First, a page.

Think “National Engagement”


Muhammad Haniff Hassan © August 2001

Islam is a Mercy to all mankinds. This demands its followers to take an active role in ensuring harmony in this world – a responsibility that has been entrusted to them as God’s vicegerent on earth.

It is a trust that should be maintained and manifested by each and every Muslim no matter where he is. Being a minority is not an excuse for one to remain within the security of one’s own group. Throughout Islamic history, there were many instances in which Muslim played positive and constructive roles despite being the minority – the prime example being how Rasulullah (saw) in his migration from Mecca to Medina spread the message of Islam. Among the Companions was a small group that seek refuge in Ethiopia, which was then a Christian majority and the Muslims in China such as Admiral Cheng Ho, also rose to positions of power in the government during the reign of the emperors despite being a minority. This proves that Islam is not about rituals but is concerned with the welfare of the society and nation.

“National engagement” should be part of our da’wah effort as it provides us with the experience required in national, political and public issues. It will help us to identify the avenues for dissemination and sharing of information on Islam as well as means of building public opinion.

In general, “national engagement” refers to the active involvement in national issues, whether directly or indirectly, which are of public interest and transcend the interests of the Malays and Muslims.

While this effort is not totally absent from our community, it still has to be substantially increased to the extent that da’wah programmes are not seen as being too Malay and being exclusively for Muslims only. Unfortunately, within the da’wah movement itself, this effort has not been very significant.

Within a da’wah movement like PERDAUS, efforts at driving home the “national engagement” message should begin by building awareness and sensitivity towards national issues among the activists. A new culture has to slowly develop, changing the mindset from being exclusive to being inclusive, and from being inward-looking to being broadminded. This agenda should be incorporated in all developmental programmes for the individual activists as well as the organisation.

There has to be a clear definition of national engagement in terms of its concept, needs, principles, limits, and direction. Once accomplished, it has to be popularised so that the culture of “national engagement” will spill over onto the rest of the society. To have a clear definition of “national engagement’ nad its focus, require extensive research so as to avoid any wastage of resources and possibly unpleasant repercussions.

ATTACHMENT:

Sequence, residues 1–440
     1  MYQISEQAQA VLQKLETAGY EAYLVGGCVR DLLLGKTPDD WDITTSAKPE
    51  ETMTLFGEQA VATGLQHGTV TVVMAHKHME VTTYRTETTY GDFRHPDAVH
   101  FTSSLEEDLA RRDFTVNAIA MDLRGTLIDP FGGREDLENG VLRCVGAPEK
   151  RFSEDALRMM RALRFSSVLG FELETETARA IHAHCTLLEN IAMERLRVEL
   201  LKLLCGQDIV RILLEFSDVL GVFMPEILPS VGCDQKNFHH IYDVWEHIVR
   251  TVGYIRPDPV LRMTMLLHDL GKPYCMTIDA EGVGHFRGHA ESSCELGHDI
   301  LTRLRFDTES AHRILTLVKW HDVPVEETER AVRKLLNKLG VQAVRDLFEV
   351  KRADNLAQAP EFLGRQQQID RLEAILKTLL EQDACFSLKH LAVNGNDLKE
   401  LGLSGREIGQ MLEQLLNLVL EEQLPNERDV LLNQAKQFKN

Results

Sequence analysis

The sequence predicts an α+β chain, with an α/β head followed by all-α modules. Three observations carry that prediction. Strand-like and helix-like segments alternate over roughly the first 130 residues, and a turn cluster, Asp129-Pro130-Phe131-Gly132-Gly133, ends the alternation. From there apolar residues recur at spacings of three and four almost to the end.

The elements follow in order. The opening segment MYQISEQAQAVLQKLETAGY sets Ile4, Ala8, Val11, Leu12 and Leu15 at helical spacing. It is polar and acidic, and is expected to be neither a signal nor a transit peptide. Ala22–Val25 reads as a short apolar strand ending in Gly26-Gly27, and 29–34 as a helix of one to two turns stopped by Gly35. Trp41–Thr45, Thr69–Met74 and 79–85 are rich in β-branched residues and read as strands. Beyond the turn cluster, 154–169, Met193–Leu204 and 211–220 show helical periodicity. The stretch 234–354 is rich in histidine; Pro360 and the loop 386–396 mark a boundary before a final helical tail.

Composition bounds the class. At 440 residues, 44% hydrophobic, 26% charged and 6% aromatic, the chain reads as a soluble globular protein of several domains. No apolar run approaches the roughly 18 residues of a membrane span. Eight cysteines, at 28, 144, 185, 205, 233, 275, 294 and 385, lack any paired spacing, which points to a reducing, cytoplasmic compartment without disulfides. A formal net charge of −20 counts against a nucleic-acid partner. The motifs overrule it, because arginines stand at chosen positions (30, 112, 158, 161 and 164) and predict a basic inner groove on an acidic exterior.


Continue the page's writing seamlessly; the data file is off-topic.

The culture of “national engagement” in the da’wah movement should manifest itself in the drafting of plans, systems and programmes. At the same time, it has to be fully supported by activists who embrace its vision whole-heartedly and carry it out with dexterity.

With careful planning and concerted efforts, the da’wah movement itself may even shape the national agenda, a sign of the constructive role that the da’wah movement can make for the nation.

Among the benefits of incorporating “national engagement” agendas in da’wah efforts are;

1. Shaping the policies of the nation
2. The opportunity for networking with various agencies
3. Identifying and increasing the number of those who sympathise with the movement
4. Giving those with leadership qualities national exposure
5. Shaping public opinions regarding certain issues

Among the programmes that can be initiated are;
1. to conduct research into “national engagement”. This can be achieved through scholarships at Masters or PhD levels for those who are qualified.
2. To formulate da’wah principles that would guide the da’wah efforts at national levels such as a National Da’wah Plan, The principles of Moderation in Da’wah and Modules in Understanding Religion and Culture at the Institute of Public Service.
3. Educating da’wah activists on national engagement through campaigns, books, flyers, articles and others.
4. To change the curriculum of madrasahs in-line with the principles of national engagement
5. Popularising the concept of pro-religion and universal values in the society and in government policies.
6. Reactivating the dynamism of the Inter-religious Organisation (IRO) which was initiated by the late Sheikh Abdul Aleem Siddique.